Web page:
Bold, informative, and absolutely hilarious — this is how I’d describe visual arts influencer Megan Foo (A.K.A. @Maegzter).
Foo’s profile rings a bell if you’ve ever trawled Instagram or TikTok looking to learn more about art. @Maegzter’s profile states that she “talks about art online for fun” and the proof is in the pudding: her profile boasts 49,200 followers on TikTok and 15,800 followers on Instagram.
On her TikTok page, you’ll find everything from odes to Singaporean watercolour master Lim Cheng Hoe to short videos of Foo asking her hair stylist to draw inspiration from René Magritte’s surrealist masterpiece The Lovers and sexual misconduct allegations against the late American visual artist Chuck Close. If anything, the variety is astounding; don’t blame us if you fall down a rabbit hole of Foo’s content!
In line with how we at Plural are all for making the visual arts accessible, I met Foo for lunch in the heart of Orchard Road. Over plates of pasta, I asked her more about getting started in the social media space, her behind-the-scenes process, and the wider discourse that her content sparks.
What’s your relationship with art?
I started drawing when I was very young. Like many others, I used to love (Japanese) manga comics. As a kid, I had every single copy of the Pokémon Adventures comics. I wanted to replicate that so I started drawing manga-looking characters on my own. When I was seven or eight, I had a phase where I got How to Draw Manga books.
When MapleStory (a massively multiplayer online role-playing game, or MMORPG) came along, everyone at school wanted me to draw caricatures of their characters. This progressed for me when art became a curriculum subject later in primary school. I fell in love with art and later joined the AEP (Art Elective Programme) in secondary school. I did that for six years and then pursued art at ‘A’ Levels.
After that, I stopped to find myself and realised that I still loved the arts a lot, even though I wasn’t a practising artist. I still wanted to connect with the arts so I began going to museums and exhibitions more, even when I travelled. After graduating from university, I went on a five-week trip to the U.S. where I visited a museum for every state I was in.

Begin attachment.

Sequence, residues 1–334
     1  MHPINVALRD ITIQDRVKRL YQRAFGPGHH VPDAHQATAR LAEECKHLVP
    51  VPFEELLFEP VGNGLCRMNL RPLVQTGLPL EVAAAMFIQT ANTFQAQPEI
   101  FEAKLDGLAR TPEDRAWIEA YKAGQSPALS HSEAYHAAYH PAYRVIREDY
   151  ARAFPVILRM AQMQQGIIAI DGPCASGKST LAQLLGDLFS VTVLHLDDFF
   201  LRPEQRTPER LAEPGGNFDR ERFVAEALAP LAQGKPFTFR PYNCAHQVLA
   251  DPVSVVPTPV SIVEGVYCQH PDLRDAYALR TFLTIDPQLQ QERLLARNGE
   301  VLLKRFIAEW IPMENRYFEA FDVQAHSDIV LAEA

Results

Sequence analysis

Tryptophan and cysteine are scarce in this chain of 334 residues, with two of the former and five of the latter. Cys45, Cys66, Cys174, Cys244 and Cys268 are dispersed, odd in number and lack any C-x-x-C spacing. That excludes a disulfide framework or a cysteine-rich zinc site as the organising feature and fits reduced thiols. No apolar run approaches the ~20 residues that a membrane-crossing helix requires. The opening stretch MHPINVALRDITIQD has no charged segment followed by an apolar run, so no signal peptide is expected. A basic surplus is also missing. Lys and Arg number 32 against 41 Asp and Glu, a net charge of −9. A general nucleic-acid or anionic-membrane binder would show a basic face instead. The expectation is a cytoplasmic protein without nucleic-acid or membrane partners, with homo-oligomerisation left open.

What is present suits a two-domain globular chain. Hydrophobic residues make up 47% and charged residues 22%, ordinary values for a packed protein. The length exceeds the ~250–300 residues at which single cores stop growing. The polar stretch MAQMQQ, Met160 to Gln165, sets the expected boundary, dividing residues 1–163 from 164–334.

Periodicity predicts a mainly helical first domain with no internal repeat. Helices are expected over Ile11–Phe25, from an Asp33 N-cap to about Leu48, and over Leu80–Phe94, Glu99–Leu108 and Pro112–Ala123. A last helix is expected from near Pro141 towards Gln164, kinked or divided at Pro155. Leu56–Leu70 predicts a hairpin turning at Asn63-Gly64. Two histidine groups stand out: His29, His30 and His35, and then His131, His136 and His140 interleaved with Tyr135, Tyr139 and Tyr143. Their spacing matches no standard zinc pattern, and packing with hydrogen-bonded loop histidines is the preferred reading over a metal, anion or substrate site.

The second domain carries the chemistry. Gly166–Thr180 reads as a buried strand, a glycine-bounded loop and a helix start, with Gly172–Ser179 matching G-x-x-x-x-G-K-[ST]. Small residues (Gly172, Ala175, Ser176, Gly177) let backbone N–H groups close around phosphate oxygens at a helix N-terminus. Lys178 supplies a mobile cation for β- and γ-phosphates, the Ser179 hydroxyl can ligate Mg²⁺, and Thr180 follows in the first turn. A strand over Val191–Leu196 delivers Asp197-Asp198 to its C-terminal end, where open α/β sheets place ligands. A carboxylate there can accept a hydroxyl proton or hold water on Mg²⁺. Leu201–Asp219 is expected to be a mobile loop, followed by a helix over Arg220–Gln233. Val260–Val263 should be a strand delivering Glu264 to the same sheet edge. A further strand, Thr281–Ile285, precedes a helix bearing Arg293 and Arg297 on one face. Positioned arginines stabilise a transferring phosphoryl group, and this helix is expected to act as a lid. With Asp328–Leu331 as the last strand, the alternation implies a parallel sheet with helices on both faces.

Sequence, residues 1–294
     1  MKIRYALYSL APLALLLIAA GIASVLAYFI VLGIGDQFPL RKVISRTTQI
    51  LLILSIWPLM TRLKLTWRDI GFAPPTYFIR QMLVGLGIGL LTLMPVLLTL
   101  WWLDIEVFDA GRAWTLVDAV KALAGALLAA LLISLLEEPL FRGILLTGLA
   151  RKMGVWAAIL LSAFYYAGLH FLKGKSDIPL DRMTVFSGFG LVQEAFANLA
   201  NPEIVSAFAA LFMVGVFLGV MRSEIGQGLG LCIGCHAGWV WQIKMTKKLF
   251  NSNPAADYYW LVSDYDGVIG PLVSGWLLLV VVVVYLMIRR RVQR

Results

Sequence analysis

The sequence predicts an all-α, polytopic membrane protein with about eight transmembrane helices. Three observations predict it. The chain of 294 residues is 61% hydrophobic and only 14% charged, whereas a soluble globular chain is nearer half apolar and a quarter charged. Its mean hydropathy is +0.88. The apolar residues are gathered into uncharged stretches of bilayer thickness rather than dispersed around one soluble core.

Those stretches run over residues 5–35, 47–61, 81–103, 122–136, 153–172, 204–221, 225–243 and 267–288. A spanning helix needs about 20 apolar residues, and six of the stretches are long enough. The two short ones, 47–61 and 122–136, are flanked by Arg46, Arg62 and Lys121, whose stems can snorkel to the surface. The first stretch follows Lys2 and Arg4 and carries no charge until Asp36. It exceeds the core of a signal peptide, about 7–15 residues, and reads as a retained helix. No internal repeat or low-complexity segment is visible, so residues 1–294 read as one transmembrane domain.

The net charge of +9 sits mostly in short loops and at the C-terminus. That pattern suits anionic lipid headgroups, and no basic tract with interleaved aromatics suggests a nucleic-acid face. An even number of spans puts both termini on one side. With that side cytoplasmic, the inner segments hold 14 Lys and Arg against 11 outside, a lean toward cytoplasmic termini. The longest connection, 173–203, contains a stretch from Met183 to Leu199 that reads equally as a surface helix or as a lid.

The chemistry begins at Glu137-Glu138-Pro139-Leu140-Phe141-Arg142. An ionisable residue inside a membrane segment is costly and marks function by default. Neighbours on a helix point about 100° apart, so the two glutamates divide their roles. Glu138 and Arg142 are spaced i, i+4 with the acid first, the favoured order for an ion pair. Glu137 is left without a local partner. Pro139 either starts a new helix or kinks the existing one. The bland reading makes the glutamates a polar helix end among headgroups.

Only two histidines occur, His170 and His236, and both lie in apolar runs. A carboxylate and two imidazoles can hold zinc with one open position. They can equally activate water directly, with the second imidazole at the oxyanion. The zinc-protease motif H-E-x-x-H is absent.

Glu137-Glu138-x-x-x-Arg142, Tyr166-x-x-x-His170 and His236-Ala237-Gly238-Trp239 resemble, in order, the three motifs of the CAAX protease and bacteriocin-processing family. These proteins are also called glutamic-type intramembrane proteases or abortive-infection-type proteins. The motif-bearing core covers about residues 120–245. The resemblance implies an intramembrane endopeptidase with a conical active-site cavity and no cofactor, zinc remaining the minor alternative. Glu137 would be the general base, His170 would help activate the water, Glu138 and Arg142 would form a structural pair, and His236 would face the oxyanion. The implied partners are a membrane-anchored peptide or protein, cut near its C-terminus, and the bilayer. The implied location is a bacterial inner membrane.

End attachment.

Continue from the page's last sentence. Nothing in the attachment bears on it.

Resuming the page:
What was the favourite museum that you visited?
I don’t have a specific one, but I recall Edward Hopper’s Nighthawks at The Art Institute of Chicago. I also saw Constantin Brancusi’s Bird in Space sculpture at the Philadelphia Museum of Art. That was cool because it was something that, up till then, I had only seen in textbooks.
When I came back to Singapore, I missed those experiences and wanted to get more into the arts again so I started a TikTok account. My dream was to become a museum docent but then COVID-19 hit so that wasn’t possible.
What’s your day job?
I’m in social media for a beauty brand as my day job. What’s interesting is that my TikTok ‘career’ led me to this role. I started creating TikTok content way before my company had a TikTok account, so I was the one who pitched for it to exist. In my current role, I share the know-how I’ve gained from being a content creator.
How did you decide on your username?
It was random! People call me Meg but I think it’s a bit weird, so my friends call me Megs instead. One day, someone was like, “Maegzter!” And I liked that a lot.
How do you decide on what stories to feature?
I read art news and follow media outlets regularly. Sometimes my friends send me interesting articles that I talk about. Most of the time, a good friend who’s very into pop culture and art brainstorms ideas with me.
Sometimes there’s a particular art exhibit that reminds me of something or there’s an artist I want to talk about. I used to plan my content more before, but now it’s just whatever strikes my fancy.